Manipulated creations, where the artist reconstructs an already existing artifact, are also present in Magnitude 7. Carole P. Kunstadt’s woven photogravure postcards of various cityscapes from 1917 are propped on a shelf, some flat, others leaning up against the wall. These keepsakes have been removed from their brown packing, which is also on the shelf. A relic in their own right, the postcards have been reconstructed into gridded puzzles, cut into strips, the rows slightly shifted to create a slightly distorted image – though on the whole, still recognizable.

Presten Buchtel. The Artist. Mixed media on postcard. 2007.

Above the shelf on the wall, Presten Buchtel also reconstructs the postcard in The Artist. In the image, a tightrope walker carefully traverses over a crowd that watches from below. A cathedral is the walker’s destination point, the figure looming over the architectural wonder. Butchel punctures the surface of the image, punching rows of textured holes into the postcard. Taking the manipulation further, Butchel adds two three-dimensional filled brown bags to the image, tied to the end of the tightrope walker’s pole by a rope. These bags add a playful challenge to the already brave feat, testing the waters of what an artist can do with a simple image.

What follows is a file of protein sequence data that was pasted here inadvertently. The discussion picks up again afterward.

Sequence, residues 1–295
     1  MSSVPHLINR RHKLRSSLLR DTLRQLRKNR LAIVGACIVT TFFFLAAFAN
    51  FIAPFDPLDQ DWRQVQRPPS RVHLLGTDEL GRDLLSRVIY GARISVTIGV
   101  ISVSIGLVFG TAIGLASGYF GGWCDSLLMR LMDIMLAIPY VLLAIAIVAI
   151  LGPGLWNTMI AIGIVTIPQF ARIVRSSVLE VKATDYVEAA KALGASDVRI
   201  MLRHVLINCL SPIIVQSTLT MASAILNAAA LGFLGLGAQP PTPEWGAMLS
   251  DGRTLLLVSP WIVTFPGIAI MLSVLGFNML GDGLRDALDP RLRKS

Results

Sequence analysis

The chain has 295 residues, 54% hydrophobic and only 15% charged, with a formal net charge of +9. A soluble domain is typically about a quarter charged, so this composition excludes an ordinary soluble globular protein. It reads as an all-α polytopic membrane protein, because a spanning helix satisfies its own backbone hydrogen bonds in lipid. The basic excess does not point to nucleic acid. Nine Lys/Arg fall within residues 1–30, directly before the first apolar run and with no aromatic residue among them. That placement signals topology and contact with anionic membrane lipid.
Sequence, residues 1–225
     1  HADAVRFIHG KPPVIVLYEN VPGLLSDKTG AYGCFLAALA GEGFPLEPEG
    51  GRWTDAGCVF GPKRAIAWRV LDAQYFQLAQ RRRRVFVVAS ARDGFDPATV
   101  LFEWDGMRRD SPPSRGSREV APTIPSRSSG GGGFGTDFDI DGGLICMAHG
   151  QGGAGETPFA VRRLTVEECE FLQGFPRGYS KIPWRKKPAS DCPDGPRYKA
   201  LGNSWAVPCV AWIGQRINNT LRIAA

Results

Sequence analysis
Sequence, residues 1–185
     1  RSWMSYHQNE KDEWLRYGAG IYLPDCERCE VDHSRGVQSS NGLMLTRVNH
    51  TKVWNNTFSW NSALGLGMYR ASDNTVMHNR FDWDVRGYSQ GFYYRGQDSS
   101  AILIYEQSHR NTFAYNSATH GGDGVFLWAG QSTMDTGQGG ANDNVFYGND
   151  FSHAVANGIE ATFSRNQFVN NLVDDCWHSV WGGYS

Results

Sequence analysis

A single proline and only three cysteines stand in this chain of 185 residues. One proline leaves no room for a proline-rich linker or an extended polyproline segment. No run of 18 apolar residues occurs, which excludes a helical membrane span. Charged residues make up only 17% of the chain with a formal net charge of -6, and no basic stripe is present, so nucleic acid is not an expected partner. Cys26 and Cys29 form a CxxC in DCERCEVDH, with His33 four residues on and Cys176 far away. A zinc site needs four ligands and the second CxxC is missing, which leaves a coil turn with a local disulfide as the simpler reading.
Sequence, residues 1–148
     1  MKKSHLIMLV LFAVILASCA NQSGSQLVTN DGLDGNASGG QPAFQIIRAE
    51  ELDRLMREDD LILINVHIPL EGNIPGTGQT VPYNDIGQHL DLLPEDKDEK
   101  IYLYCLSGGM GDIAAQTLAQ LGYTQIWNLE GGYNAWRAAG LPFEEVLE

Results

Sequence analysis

Small scale often designates the preliminary study for a larger work. Magnitude 7 proclaims that these small works can hold their own as finished art. Perhaps some of these works were preparatory studies for another work, or extracted from a successful part of a larger piece. Whatever the individual artist’s intent may be, Magnitude 7 illustrates that small works have the potential to be small worlds, worthy of careful observation.

A free public Curatorial Talk led by Manifest’s Associate Curator Tim Parsley will be held Sunday June 23 at 3pm.

Marla Sweitzer is a painter living in Covington, Kentucky.

Comments are closed.